"I'll Be All Right Tomorrow" and "Touch" reviews
"I'll Be All Right Tomorrow" by Dympna Brogan
A Book Review by Alain English
This short book tells the story of Irish woman Dympna Brogan, who suffered massive head injuries in a car crash and developed epilepsy as well as losing the power to read and write. Dympna also suffered the loss of her younger sister Rosaleen, an incident for which she felt responsible and this book charts the journey of her coming to terms with this.
The story is simply conveyed with clear, uncomplicated language and Dympna's persistent courage in the face of huge adversity is very moving. There are plenty of insights here, including what happens during an epileptic fit and managing a neurological disorder when bringing up a family. There is also insight in dealing with the emotional and psychological baggage that can accumulate after a serious accident. Dympna describes the mixed emotions of regret and anger very well.
This is a tremendous story, and I have learned much from reading it. I have learned about the long process of dealing with traumatic and unexpected events in one's life but also about one person's lifelong struggle to express herself.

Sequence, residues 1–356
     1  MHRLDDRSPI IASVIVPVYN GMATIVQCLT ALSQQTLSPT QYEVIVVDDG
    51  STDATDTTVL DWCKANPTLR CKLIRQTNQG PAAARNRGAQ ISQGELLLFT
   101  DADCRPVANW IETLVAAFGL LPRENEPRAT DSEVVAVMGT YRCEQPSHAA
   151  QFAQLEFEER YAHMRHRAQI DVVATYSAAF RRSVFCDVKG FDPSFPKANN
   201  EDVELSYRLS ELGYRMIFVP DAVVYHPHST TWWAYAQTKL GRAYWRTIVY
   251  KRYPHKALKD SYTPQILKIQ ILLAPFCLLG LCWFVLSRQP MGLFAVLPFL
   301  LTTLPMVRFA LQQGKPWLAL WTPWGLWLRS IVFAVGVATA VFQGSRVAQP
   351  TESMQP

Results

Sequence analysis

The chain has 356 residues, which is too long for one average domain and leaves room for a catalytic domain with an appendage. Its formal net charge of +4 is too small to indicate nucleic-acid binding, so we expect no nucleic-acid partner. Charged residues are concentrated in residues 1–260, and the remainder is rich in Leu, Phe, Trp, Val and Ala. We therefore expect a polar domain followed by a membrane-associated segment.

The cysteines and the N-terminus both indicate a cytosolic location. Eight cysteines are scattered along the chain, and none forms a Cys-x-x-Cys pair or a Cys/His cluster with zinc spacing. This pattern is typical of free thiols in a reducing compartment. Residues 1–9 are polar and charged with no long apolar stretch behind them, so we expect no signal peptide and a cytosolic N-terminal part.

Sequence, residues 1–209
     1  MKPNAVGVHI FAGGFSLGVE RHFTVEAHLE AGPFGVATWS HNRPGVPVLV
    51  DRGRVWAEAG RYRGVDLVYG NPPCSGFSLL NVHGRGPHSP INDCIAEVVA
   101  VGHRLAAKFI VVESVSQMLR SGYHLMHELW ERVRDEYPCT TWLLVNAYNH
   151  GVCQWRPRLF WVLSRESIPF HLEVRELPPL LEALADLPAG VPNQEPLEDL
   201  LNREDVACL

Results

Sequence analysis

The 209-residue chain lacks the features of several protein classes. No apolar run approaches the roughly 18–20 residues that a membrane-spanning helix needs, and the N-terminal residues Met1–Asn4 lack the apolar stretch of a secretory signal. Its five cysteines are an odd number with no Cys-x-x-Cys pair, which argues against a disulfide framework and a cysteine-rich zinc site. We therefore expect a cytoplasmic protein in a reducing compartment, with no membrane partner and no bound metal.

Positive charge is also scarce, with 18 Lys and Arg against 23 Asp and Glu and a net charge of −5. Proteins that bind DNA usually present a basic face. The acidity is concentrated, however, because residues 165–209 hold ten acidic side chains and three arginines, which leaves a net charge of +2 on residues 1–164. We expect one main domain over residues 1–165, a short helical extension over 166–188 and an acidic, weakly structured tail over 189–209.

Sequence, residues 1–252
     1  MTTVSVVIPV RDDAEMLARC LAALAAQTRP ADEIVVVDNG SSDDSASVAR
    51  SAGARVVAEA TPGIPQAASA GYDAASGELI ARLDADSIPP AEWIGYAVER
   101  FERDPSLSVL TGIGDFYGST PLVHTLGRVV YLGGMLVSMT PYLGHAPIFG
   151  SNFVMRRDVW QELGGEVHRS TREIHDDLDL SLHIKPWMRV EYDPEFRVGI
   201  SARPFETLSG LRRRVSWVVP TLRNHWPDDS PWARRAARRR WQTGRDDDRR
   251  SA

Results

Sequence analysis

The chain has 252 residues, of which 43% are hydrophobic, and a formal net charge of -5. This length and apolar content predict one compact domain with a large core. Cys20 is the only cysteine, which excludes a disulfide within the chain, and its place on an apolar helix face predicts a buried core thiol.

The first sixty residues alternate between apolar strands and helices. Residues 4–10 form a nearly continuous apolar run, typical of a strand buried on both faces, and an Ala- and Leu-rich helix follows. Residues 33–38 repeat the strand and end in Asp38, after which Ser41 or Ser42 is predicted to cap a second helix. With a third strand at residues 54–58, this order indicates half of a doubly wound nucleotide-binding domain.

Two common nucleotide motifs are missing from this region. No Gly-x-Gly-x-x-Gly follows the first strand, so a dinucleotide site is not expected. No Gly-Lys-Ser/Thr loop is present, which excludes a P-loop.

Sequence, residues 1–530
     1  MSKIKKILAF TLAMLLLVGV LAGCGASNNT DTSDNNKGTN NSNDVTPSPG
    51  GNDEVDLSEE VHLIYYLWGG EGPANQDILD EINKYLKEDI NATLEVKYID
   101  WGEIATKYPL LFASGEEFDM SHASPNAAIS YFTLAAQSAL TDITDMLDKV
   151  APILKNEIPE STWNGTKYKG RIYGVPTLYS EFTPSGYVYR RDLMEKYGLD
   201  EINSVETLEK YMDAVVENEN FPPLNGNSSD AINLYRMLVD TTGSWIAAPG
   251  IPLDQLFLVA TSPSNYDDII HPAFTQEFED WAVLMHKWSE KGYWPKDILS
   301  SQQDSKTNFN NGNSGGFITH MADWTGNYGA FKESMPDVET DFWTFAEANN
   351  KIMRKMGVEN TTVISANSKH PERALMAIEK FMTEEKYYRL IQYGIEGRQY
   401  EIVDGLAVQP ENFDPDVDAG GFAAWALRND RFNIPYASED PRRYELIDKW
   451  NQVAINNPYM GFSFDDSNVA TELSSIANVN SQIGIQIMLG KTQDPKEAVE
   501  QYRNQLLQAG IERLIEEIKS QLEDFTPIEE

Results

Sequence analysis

I was given the book by Dympna's daughter, Catherine, and I understand and respect Catherine a lot more after reading about her mother.
"Touch" by Hollie McNish (CD and Booklet)
A Poetry Review by Alain English
Hollie McNish, Cambridge-dwelling poet and former UK Slam Champion, has always produced work that possesses insight laced with an intense sensuality. So it is here with her spoken word album "Touch".
From the opening piece "A British National Breakfast", it's clear she can say the unsayable and make it sound good. Whilst many other artists share the same viewpoints on politics and society, Hollie relates what she thinks in a style that is uniquely her own,
Some of her material takes humourous twists - "Willies Are More Dangerous Than Guns" - and her romantic material like "My Boyfriend Can Cook" is full of imaginative imagery and is delivered with a feverish eroticism. In a similar vein, "Language Learning" is also brilliant, as Hollie wraps her tongue round lyrical phrases spoken in both English and French.
The later pieces in the set take on a feeling of righteous anger - it's clear in pieces like "It's Not Over" and "Observer" that Hollie believes in womens rights to be equal with men and that the fight for these rights is still ongoing in a society that is still very male-oriented. The pieces "A Man" featuring Inja and "Mr Important" take a much-needed dig at the male ego.
The best poets in my view take strong viewpoints and invest them with a sense of personality and power, but also an essence of truth. Hollie McNish is one such poet and her CD and booklet come highly recommended.